Skip to main content

Women of the Hill

CCA, Glasgow
Four stars


The low whoosh of rolling thunder that slices through the air at the start of Hanna Tuulikki’s reimagining of her dramatic song cycle originally seen on Skye in 2015 is given extra low-flying heft by the gargantuan figure creating it. Towering some twenty-odd feet in height, with the train of her pure white dress billowing beneath and sporting a plant-based head-dress created by artist Caroline Dear, the instrument she spins above her head is as deadly as the wordless chorale that emanates from her mouth. As embodied by Tuulikki herself with monumental grace, this is Cailleach, the ancient goddess of winter, and she’s spoiling for a fight.

She gets one too when Lucy Duncombe enters as her opposite number, Bride, attempting to hold on to all that blossoms in the face of the coming freeze, but dwarfed somewhat by the opposing elements. As the pair spar in and out of harmony, their to-and-fro exchanges morph into a primal form of flyting. A third voice, from Nerea Bello, sees the trio keen with mournful abandon, laying the old seasons to rest before the new one blows in.

Tuulikki’s creation was first performed in the open-air beside the hidden underground of Skye’s High Pasture Cave and was originally commissioned by the island’s ATLAS Arts organisation. This indoor reimagining accompanied the CCA’s Lilt, Twang, Tremor exhibition, which Tuulikki shares with Sarah Rose and Susannah Stark. Over the piece’s forty-five-minute duration, a matriarchal sense of unity is conjured up with a kinetic intensity that eventually gives way to playfulness. Going on this showing, it deserves to have a more substantial run, be it indoors or out. By the end, it becomes a form of purging, with Tuulikki and co shouting out loud for what they’ve lost, but more importantly for everything that lies ahead.


The Herald, January 15th 2018


ends

Comments

Popular posts from this blog

The Maids

Dundee Rep

Two sisters sit in glass cases either side of the stage at the start of Eve Jamieson's production of Jean Genet's nasty little study of warped aspiration and abuse of power. Bathed in red light, the women look like artefacts in some cheap thrill waxworks horror-show, or else exhibits in a human zoo. Either way, they are both trapped, immortalised in a freak-show possibly of their own making.

Once the sisters come to life and drape themselves in the sumptuous bedroom of their absent mistress, they raid her bulging wardrobe to try on otherwise untouchable glad-rags and jewellery. As they do, the grotesque parody of the high-life they aspire to turns uglier by the second. When the Mistress returns, as played with daring abandon by Emily Winter as a glamour-chasing narcissist who gets her kicks from drooling over the criminal classes, you can't really blame the sisters for their fantasy of killing her.

Slabs of sound slice the air to punctuate each scene of Mart…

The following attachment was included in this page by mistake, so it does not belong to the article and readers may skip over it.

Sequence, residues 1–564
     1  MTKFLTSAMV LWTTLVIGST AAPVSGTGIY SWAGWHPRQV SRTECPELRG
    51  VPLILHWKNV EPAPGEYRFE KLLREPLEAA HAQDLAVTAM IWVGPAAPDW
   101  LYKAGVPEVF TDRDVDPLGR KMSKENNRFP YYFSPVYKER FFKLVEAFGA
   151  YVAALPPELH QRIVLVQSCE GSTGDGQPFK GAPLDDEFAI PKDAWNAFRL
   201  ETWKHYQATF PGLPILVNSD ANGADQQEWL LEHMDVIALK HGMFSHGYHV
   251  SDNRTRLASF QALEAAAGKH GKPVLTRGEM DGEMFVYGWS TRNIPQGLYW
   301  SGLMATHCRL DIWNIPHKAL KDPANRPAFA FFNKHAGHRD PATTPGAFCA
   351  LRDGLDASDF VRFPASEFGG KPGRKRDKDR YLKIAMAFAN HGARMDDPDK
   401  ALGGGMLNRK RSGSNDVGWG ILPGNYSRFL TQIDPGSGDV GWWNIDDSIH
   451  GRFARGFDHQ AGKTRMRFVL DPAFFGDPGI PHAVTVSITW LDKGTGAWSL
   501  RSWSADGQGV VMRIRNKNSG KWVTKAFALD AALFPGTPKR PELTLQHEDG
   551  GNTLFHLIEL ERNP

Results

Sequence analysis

Nomanslanding

Tramway, Glasgow until July 2nd
Four stars

In the dead of night, the audience are split in two and led under-cover into lamp-lit tented structures. Inside, what look like peasant women on the run lead us down a ramp and into a large circular pod. It feels part cathedral, part space-ship, and to come blinking into the light of such a fantastical structure after stumbling in the dark disorientates and overwhelms. Sat around the pod as if awaiting prayers to begin, we watch as performers Nerea Bello and Judith Williams incant mournfully on either side of the room. Their keening chorales embark on a voyage of their own, twisting around each other by way of the international language of singing. As if in sympathy, the walls wail and whisper, before starting to move as those on either side of the pod are left stranded, a gulf between them.

This international co-commission between Glasgow Life and the Merchant City Festival, Sydney Harbour Foreshaw Authority in Australia and Urbane Kienste …

High Society

Pitlochry Festival Theatre
Four stars

The stage looks gift-wrapped with a sparklingly expensive bow at the opening of John Durnin's revival of Arthur Kopit's Cole Porter based musical that reinvigorates the starry 1956 film where it originated. With the film itself drawing from Philip Barry's play, The Philadelphia Story, Kopit and Porter's depiction of the Long Island jet set says much about over-privileged party people, but retains a fizz that keeps it going till all passion is seemingly spent.
The action is based around the forthcoming nuptials of drop-dead gorgeous society gal and serial bride, Tracy Lord. With her daddy having run off with a show-girl, and ex beau next door CK Dexter Haven set sail for other shores, Tracy settles for George, a stinking rich would-be president for whom stupidity, as someone observes, sits on his shoulders like a crown. Enter Tracy's match-making kid sister Dinah and a pair of reporters for a trashy scandal sheet looking to stit…